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Individual differences in beat perception. The top panel shows the stimulus sequences for the Control and Test trials, and the pattern of responses for weak and strong beat perceivers. In the control condition, listeners hear a pair of tones separated by 600 ms followed by another pair with a separation of 600 ms ±ΔT. Both strong and weak beat perceivers judge the sequence as ‘speeding up’ when the final separation is less than 600 ms and as ‘slowing down’ when it is more than 600 ms. On test trials, the first part of the sequence comprises a run of 3 tones separated by 300 ms so that the 600‐ms periodicity is implicit. Strong beat‐perceivers respond as for the control trials; weak beat‐perceivers are insensitive to the 600‐ms periodicity and judge all sequences as ‘slowing down’ because even the shortest final interval is longer than the 300 ms that separates the first 3 tones. The bottom panel shows the brain regions showing differential activity for the two groups of participants. Note that these neural differences arise even for the control sequences, where behavioral responses are identical. (Reprinted with permission from Ref )
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Individual differences in the effect of stimulus repetition on duration discrimination. Participants saw two images and indicated whether the second was longer or shorter than the first. The graphs show the probability of a ‘longer’ response as a function of the duration of the second (comparison) stimulus when the comparison image is a repeat of the standard image (Rep) and when it is different (Novel). The top left panel shows data averaged across participants; the top right shows a participant with good discrimination who was little affected by repetition; the bottom left shows a participant with reasonable overall discrimination but who judged novel images to be much longer than repeats of the same duration; the bottom right shows a participant with the same tendency but whose discrimination was very poor. Data are from a study reported by Matthews.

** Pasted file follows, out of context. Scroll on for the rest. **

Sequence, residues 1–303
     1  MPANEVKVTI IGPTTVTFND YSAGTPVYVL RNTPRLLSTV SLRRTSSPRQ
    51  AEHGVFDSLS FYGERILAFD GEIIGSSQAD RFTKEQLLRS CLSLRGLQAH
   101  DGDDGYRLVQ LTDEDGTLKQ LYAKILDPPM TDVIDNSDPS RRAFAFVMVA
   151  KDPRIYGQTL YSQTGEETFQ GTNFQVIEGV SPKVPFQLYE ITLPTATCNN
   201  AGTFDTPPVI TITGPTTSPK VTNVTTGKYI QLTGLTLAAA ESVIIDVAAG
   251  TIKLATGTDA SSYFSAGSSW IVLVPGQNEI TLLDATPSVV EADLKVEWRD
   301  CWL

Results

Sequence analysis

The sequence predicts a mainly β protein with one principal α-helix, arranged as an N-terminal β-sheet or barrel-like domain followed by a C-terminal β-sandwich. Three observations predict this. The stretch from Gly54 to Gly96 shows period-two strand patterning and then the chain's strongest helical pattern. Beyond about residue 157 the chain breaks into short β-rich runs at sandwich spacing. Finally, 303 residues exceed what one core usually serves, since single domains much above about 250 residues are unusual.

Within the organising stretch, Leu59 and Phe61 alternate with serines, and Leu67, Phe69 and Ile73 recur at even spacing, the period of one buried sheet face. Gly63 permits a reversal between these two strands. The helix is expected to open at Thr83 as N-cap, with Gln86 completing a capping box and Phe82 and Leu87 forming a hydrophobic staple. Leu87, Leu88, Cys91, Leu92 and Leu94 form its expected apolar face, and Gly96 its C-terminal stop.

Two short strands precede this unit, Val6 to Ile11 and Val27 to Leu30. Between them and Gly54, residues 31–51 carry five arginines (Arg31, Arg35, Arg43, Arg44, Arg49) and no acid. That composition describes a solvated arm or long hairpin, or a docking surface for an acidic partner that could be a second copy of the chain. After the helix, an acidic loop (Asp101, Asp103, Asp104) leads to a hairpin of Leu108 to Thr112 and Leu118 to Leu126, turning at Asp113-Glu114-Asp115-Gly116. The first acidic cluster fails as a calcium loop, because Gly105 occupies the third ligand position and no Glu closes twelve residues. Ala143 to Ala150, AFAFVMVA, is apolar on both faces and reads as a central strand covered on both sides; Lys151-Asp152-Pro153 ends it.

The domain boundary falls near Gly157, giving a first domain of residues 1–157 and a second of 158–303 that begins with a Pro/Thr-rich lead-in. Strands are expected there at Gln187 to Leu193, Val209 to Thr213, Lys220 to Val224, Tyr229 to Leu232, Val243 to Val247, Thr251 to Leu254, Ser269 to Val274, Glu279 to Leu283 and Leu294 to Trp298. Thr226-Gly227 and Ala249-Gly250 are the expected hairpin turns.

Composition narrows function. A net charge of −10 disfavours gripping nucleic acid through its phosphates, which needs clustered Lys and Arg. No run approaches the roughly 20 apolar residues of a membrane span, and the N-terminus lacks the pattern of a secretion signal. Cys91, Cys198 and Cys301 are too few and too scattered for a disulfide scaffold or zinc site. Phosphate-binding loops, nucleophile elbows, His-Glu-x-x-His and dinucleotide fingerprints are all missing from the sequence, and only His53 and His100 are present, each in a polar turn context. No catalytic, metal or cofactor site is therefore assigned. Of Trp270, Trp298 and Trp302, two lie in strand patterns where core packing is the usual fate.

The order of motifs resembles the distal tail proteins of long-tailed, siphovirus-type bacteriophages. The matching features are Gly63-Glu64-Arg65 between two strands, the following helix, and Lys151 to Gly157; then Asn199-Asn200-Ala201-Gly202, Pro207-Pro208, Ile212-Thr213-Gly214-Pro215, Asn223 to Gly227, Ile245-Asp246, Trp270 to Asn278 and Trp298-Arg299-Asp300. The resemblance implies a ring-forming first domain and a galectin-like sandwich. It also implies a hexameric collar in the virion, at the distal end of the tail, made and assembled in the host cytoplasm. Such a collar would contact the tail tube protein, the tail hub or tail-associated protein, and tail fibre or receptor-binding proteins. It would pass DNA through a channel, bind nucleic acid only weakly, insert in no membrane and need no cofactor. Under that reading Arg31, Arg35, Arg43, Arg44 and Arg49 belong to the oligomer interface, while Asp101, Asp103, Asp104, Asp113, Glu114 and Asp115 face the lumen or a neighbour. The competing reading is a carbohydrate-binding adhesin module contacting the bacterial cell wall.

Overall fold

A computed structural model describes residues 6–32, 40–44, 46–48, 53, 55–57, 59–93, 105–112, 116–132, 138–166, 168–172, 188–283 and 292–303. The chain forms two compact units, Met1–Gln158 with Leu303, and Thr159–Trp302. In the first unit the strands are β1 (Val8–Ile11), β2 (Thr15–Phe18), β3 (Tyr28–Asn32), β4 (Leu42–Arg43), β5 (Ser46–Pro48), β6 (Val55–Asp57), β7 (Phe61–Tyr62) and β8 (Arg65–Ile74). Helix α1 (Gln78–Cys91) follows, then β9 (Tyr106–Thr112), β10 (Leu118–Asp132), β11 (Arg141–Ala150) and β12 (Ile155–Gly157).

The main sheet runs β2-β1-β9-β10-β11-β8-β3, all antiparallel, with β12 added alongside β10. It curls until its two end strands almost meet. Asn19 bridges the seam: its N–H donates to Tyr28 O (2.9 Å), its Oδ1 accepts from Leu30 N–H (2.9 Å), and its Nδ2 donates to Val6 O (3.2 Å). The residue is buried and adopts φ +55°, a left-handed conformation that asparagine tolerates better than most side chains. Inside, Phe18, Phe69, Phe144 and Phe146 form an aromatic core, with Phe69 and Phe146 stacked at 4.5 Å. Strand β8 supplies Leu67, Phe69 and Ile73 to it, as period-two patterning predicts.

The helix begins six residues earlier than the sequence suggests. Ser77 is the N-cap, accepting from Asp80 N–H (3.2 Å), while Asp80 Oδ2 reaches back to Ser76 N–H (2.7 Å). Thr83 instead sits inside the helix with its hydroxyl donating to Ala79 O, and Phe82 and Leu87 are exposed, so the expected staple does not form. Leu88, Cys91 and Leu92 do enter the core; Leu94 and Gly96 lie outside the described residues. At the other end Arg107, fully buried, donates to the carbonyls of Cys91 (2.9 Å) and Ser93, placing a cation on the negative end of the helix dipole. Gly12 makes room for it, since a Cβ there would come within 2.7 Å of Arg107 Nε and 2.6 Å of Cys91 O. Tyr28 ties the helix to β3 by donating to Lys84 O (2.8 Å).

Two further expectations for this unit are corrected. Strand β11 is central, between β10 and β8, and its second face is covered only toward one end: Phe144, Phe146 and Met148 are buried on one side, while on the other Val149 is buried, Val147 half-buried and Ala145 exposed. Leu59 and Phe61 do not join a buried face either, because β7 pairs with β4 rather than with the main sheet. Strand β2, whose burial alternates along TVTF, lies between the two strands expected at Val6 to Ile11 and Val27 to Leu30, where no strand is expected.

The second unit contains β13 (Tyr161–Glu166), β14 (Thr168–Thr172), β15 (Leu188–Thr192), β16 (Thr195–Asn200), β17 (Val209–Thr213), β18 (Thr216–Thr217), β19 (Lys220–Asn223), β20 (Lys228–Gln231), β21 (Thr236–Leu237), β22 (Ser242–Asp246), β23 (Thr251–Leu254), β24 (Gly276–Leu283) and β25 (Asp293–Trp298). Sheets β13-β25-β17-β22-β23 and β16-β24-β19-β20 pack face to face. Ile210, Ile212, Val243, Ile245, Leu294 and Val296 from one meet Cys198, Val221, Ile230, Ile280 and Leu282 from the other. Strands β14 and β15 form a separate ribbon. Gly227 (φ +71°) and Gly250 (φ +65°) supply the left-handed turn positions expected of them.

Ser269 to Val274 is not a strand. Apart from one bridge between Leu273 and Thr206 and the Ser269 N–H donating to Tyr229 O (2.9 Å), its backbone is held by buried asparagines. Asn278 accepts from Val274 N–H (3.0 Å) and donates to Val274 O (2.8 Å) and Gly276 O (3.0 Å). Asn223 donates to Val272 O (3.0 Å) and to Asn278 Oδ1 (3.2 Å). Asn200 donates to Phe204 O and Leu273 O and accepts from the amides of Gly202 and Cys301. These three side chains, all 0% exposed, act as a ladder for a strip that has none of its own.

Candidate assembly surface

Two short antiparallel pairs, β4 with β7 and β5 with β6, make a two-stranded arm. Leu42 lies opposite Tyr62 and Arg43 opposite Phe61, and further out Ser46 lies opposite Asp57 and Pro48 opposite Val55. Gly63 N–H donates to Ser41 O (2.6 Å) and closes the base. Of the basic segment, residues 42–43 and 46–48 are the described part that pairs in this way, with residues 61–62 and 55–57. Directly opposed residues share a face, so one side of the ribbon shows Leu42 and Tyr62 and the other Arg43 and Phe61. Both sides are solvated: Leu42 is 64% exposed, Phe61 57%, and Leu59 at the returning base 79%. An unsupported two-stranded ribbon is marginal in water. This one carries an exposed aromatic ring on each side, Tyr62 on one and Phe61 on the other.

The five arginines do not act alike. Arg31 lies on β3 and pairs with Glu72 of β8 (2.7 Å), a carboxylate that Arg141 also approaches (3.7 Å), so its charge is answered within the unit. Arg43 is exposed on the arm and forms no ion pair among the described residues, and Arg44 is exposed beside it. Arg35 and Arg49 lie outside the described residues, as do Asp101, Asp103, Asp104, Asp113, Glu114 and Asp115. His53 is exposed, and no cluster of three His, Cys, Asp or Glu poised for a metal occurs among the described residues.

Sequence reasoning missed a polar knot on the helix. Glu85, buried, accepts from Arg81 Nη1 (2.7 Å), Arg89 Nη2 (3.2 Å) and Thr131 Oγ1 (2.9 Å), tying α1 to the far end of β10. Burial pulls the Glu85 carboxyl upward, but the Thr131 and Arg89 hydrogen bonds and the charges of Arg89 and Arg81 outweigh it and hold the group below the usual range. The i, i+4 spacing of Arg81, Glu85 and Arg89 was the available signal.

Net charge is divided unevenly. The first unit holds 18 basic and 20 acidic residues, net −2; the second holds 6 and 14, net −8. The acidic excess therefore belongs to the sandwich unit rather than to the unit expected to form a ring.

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The effects of stimulus spacing on temporal bisection by humans. The top panels show the proportion of ‘long’ responses for super logarithmic (high positive skew), logarithmic (moderate positive skew), arithmetic (no skew), and antilogarithmic (moderate negative skew) spacing of the comparison durations when the two standard intervals are widely separated (left panel) or differ by only a small ratio (right panel). As the skew becomes more negative, the bisection point shifts to the right. The bottom panels show that these context effects are well‐described by temporal range‐frequency theory. (Reprinted with permission from Ref )